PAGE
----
Control is more problematic. Members place themselves under the control of the CFS and are acting on their direction as they respond to a fire, but if they stop and take a photo along the way are they taking the photo under the ‘control’ of the CFS? I would think not. The CFS is not given instructions on how photographs are to be taken. The CFS gives instructions on how to fight fires, use PPE etc but not the art of photography, and it is not the case that the various SOPs or Social Media Policy say that photos are not to be taken.
The Service’s Standard Operating Procedure, SOP 12.2 – Photographic/Video Recording of Incidents, says:
SACFS Personnel may take photographs or video at an Incident for the following:
– SACFS Incident and Investigation Reports;
– SACFS Brigade, Group and Regional Training Purposes;
– SAPOL, including Major Crash Investigation Section;
– SAMFS Fire Cause Investigation Section;
– SACFS Corporate Communications Unit for training purposes;
– SACFS Promotions Unit for its website.
Taking a photo with the intention of using it for those purposes may be taking a photo under the ‘direction or control’ of the CFS, but photos may also be taken for other purposes. People who volunteer to act as fire fighters may well want to take photos of the scene, and their colleagues, and the fire truck, to record their memories and that they were there. To suggest that the CFS owns the photos on their phone seems a step too far. If they did they could insist that you hand over the photos and the CFS could use them as they see fit (subject to the obligation to acknowledge you as the photographer (Copyright Act 1968 (Cth) Part IX, Moral Rights). One can see the CFS’ concern – they don’t want those photos circulated on the web where it may cause any number of problems – but their legitimate desire to limit the use of the photos does not convert to ownership.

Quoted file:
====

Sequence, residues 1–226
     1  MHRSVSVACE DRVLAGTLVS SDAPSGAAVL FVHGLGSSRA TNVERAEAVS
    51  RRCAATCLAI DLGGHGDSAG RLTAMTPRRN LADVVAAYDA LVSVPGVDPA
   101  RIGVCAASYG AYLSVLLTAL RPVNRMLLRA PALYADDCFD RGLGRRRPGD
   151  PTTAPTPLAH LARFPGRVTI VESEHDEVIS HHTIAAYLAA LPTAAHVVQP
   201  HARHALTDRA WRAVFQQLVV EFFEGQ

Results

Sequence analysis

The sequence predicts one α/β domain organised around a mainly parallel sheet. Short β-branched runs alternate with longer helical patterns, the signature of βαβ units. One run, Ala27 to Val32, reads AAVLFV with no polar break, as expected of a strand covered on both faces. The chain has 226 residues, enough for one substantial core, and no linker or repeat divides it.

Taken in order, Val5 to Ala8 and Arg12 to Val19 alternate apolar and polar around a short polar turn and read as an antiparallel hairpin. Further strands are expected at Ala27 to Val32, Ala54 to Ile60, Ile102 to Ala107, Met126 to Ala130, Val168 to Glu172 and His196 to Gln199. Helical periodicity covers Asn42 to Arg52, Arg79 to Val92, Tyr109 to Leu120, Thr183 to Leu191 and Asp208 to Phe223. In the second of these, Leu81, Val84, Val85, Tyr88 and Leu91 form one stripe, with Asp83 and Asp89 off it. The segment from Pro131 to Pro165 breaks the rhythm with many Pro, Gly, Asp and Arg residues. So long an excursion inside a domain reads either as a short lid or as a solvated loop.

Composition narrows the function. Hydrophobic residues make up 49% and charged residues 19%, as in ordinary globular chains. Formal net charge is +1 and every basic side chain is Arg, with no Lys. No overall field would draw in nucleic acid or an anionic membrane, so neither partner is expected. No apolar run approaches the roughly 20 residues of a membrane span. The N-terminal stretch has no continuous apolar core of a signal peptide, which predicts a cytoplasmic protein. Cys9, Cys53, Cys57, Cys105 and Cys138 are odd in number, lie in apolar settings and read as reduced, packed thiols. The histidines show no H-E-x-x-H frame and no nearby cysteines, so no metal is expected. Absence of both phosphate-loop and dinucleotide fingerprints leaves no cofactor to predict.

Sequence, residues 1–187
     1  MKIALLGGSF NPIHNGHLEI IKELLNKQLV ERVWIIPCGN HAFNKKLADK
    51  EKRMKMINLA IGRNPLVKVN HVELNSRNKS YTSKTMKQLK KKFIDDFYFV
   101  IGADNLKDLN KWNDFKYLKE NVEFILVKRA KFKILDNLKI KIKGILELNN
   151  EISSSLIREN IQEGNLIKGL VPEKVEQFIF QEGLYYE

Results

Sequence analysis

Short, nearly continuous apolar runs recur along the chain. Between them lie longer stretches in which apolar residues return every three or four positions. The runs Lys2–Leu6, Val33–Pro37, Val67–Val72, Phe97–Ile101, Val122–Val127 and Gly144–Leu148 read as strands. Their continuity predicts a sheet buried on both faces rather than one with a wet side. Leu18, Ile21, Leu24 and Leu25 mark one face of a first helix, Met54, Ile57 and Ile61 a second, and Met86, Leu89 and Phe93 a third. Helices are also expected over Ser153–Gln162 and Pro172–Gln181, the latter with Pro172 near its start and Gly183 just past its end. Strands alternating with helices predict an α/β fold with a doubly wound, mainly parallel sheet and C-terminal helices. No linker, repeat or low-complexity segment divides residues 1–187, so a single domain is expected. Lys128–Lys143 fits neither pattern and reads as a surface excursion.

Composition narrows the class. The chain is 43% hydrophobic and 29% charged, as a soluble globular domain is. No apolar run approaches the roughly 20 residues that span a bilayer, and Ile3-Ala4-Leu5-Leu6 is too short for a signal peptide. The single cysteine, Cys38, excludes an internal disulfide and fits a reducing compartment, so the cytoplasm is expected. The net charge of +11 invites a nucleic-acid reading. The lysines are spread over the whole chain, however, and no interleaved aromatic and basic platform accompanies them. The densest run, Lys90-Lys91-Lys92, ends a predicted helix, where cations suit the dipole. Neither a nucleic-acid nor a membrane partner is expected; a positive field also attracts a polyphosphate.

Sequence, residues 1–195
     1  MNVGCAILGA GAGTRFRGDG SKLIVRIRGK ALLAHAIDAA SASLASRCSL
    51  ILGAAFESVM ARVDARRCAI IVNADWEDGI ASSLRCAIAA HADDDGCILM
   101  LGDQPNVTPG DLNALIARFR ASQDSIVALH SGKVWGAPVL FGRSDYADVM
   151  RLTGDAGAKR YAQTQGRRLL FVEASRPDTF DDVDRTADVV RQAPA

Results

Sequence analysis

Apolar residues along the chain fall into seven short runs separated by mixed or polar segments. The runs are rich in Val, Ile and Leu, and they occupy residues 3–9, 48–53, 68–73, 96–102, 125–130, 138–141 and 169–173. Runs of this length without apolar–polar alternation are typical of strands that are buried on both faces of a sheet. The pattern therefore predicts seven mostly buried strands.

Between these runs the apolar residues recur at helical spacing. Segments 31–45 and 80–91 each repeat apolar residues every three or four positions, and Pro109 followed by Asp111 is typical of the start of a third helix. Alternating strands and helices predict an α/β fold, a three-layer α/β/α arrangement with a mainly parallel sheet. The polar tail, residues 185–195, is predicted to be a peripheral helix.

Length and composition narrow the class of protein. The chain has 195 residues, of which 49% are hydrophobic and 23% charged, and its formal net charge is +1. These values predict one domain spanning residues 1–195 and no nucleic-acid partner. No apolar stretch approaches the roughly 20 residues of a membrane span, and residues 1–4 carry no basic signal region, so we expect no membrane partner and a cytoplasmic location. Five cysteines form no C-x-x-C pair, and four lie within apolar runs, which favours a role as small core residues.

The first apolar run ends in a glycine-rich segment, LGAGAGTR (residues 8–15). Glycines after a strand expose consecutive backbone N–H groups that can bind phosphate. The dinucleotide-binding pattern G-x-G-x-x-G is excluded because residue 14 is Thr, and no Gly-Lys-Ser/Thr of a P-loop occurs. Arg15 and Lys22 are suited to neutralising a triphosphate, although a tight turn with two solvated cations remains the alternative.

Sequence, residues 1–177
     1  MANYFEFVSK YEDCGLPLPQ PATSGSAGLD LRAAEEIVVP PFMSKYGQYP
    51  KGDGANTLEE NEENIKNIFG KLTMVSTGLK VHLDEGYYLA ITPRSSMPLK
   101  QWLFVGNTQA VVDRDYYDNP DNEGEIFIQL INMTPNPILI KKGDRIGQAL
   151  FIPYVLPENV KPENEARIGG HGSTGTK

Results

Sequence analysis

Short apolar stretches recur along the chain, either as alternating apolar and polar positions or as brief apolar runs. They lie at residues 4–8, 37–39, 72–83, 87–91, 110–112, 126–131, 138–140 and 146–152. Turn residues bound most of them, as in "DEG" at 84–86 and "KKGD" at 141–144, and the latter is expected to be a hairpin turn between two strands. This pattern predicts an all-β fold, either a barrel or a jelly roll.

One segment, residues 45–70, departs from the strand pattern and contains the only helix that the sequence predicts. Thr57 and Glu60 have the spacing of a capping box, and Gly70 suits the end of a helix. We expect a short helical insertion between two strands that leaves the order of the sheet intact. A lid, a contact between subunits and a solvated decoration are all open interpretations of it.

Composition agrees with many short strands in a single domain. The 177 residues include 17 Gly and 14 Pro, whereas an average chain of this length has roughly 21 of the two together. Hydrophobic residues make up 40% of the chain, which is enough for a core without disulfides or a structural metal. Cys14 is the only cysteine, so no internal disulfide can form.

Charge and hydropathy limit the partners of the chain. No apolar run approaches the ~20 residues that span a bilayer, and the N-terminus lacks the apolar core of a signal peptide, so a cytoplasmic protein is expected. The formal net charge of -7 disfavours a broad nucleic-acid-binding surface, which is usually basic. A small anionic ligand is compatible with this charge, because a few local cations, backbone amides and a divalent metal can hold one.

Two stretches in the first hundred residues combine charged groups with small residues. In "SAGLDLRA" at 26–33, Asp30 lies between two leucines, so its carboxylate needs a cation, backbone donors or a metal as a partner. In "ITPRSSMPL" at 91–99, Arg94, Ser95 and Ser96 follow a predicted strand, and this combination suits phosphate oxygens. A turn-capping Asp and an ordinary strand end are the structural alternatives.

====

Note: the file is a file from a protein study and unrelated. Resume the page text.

So, the short, first part of the answer is if you took the photo, and it was not done as part of your employment, as part of your volunteer role (eg as a volunteer photographer) or with the intention of using it for one of the purposes listed in SOP 12.2, you own the photo.
That is not the end of the matter. The next thing to consider is does the CFS have a photo policy and my correspondent has identified that they do: SOP 12.2 – Photographic/Video Recording of Incidents and SOP 12.1 – Engaging the Media. SOP 12.1 says ‘Photographic or videotape material will not be released directly to the media, any other website or electronic medium’. SOP 12.2 says ‘Photographs or video material taken by SACFS Personnel at an Incident will not be used on any other website or any other electronic medium’.
The CFS may not own the photo but members of the CFS agree to be bound by its rules and to be part of the organisation. If taking, or more importantly, using the photo is contrary to service policy, the member could expect to face disciplinary action which could, in extreme cases, include exclusion from the service (Fire and Emergency Services Act 2005 (SA) s 70 and Fire and Emergency Services Regulations 2005 (SA) reg 22).
The questions I was asked were:
- Does CFS have the legal right to claim that all images and video made at an incident by volunteers are the property of the CFS? and
- Even if images and video are in fact owned by CFS, does this entitle CFS to prohibit uploading to Facebook or Twitter?
My answers are:
- If the photo is made by an employee of the CFS as part of their duties, or by a volunteer under the ‘direction or control’ of the CFS, then yes; but if the photo is taken by a member for their personal use, then ‘no’.
- If the images are owned by the CFS then definitely ‘yes’ but in my view the answer is ‘yes’ even if they are not owned by the CFS. More importantly the CFS may not be able to stop the member posting the photo but they could take disciplinary action against the member.
For further information see: http://www.copyright.org.au/find-an-answer/browse-by-what-you-do/photographers/
Interesting and one of reasons why we need a bill of rights and responsibilities.